Entropy Definition (was Re: passphrases with more than 160 bits of entropy)

Ed Gerck edgerck at nma.com
Fri Mar 24 13:11:34 EST 2006

Someone mentioned Physics in this discussion and this
was for me a motivation to point out something that
has been forgotten by Shannon, Kolmogorov, Chaitin
and in this thread.

Even though Shannon's data entropy formula looks like an
absolute measure (there is no reference included), the often
confusing fact is that it does depend on a reference. The
reference is the probability model that you assume to fit
the data ensemble. You can have the same data ensemble and
many different (infinite) probability models that fit that
data ensemble, each one giving you a valid but different
entropy value. For example, if a source sends the number "1"
1,000 times in a row, what would be the source's entropy?

Aram's assertion that the "sequence of bytes from 1-256" has
maximum entropy would be right if that sequence came as one of
the possible outcomes of a neutron counter with a 256-byte
register. Someone's assertion that any data has entropy X
can be countered by finding a different probability model that
also fits the data, even if the entropy is higher (!). In short,
a data entropy value involves an arbitrary constant.

The situation, which seems confusing, improves when we realize
that only differences in data entropy can be actually measured,
when the arbitrary constant can be canceled -- if we are careful.

In practice, because data security studies usually (and often
wrongly!) suppose a closed system, then, so to say automatically,
only difference states of a single system are ever considered.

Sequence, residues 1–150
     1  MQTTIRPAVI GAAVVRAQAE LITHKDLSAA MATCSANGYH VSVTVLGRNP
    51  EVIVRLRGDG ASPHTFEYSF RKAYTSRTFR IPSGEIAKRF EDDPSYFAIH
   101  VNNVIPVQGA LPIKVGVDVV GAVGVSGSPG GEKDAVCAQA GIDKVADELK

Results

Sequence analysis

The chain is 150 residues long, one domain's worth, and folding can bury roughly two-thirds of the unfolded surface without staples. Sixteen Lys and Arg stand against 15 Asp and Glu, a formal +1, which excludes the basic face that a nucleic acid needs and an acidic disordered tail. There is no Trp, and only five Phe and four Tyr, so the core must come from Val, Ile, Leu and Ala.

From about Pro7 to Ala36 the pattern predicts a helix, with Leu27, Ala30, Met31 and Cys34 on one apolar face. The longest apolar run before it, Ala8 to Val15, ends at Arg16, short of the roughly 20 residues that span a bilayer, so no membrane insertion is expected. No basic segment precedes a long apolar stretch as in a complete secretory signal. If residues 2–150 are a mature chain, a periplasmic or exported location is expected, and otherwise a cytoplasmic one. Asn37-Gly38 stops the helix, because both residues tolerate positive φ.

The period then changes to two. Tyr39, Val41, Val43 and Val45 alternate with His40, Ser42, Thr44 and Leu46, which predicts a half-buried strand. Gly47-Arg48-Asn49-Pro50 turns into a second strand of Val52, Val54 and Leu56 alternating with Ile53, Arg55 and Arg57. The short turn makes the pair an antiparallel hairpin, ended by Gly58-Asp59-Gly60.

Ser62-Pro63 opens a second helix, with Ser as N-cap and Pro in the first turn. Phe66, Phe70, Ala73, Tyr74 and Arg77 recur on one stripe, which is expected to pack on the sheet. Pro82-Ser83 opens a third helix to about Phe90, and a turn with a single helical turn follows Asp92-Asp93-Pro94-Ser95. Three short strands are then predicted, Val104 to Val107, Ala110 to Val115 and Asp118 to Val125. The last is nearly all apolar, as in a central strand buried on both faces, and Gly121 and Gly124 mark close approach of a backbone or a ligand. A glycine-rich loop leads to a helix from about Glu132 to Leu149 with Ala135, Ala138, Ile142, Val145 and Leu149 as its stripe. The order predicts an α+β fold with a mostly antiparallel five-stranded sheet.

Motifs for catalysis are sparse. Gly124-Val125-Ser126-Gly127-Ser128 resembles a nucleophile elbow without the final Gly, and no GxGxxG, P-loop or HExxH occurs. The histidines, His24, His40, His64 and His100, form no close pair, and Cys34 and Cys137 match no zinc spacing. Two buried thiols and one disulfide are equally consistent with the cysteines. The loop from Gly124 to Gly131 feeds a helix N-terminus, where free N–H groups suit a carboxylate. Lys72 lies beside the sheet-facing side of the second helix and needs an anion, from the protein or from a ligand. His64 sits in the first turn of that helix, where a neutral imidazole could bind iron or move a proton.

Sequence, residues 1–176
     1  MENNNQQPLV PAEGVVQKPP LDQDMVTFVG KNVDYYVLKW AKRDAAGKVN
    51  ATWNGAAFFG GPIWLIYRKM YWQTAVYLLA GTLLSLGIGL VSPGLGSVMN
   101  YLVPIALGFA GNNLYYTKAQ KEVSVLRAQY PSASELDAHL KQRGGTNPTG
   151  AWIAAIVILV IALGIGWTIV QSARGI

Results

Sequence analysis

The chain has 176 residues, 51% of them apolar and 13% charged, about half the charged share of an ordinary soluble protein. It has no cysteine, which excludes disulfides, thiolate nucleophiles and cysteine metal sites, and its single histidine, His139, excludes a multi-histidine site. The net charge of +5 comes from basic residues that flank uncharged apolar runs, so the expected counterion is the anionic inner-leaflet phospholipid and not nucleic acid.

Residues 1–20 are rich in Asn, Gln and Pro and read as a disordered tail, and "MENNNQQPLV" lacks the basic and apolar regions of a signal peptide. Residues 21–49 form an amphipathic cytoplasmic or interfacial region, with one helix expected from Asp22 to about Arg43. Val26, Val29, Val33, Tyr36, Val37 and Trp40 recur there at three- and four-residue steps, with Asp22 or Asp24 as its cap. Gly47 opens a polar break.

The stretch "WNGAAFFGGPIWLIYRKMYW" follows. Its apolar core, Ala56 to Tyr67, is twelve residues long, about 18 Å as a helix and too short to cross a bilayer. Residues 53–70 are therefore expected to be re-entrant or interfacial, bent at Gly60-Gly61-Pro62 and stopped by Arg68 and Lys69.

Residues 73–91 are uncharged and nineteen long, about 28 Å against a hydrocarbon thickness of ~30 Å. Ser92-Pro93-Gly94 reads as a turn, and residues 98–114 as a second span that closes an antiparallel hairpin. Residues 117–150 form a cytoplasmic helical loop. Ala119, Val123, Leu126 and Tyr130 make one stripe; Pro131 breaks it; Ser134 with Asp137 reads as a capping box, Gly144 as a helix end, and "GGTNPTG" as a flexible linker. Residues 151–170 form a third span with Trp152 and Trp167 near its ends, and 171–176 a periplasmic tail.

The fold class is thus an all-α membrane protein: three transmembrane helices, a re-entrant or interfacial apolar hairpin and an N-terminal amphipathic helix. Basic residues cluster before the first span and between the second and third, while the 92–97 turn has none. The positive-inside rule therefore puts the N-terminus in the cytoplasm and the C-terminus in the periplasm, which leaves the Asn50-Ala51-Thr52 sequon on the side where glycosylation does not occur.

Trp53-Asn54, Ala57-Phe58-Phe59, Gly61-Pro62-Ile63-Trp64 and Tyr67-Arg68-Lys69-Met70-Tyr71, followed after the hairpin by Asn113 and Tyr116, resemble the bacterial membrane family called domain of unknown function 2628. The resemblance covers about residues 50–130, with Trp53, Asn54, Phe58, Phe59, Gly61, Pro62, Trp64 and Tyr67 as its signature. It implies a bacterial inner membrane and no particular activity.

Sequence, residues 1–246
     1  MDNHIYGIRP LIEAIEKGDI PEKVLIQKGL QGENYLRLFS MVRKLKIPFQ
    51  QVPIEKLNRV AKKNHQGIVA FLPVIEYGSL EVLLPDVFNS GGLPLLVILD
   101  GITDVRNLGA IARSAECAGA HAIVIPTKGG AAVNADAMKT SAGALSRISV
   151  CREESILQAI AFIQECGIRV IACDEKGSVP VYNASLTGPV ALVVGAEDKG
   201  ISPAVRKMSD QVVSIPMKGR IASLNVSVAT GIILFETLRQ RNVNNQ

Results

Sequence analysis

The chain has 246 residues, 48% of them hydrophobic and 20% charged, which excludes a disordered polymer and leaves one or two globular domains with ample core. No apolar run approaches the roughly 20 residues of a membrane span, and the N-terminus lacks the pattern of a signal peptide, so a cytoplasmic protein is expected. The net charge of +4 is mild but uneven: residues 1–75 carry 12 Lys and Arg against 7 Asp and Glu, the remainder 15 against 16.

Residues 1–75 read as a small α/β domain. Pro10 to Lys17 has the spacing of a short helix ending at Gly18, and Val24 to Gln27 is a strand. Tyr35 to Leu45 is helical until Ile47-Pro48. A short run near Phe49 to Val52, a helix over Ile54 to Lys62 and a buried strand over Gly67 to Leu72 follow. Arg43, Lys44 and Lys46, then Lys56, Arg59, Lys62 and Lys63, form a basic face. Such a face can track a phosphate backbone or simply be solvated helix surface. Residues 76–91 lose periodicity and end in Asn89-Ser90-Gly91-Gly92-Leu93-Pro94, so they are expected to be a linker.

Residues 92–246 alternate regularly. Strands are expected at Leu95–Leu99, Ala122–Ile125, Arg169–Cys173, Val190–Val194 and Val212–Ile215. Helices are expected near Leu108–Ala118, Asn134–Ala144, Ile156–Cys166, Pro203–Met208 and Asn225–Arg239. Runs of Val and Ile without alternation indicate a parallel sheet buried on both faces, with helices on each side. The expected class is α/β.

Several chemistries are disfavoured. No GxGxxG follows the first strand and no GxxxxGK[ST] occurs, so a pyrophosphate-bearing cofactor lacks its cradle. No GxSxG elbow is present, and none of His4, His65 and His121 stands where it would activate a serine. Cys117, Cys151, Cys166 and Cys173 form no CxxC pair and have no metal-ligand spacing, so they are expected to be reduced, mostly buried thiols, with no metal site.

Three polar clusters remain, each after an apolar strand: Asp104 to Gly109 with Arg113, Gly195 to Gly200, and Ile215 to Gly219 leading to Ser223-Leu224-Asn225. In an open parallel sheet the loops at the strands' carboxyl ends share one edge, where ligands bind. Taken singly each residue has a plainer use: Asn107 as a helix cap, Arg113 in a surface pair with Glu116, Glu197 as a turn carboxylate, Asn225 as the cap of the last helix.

Under such circumstances, the probability model is well-defined
and the arbitrary constant *always* cancel. However, data systems
are not really closed, probability models are not always ergodic
or even accurate. Therefore, due care must be exercised when
using data entropy.

I don't want to go into too much detail here, which results
will be available elsewhere, but it is useful to take a brief
look into Physics.

In Physics, Thermodynamics, entropy is a potential [1].
As is usual for a potential, only *differences* in entropy
between different states can be measured. Since the entropy
is a potential, it is associated with a *state*, not with
a process. That is, it is possible to determine the entropy
difference regardless of the actual process which the system
may have performed, even whether the process was reversible or

These are quite general properties. What I'm suggesting is
that the idea that entropy depends on a reference also applies
to data entropy, not just the entropy of a fluid, and it solves
the apparent contradictions (often somewhat acid) found in data
entropy discussions. It also explains why data entropy seems
confusing and contradictory to use. It may actually be a much
more powerful tool for data security than currently used.

Ed Gerck

[1] For example, J. Kestin, A Course in Thermodynamics, Blaisdell,

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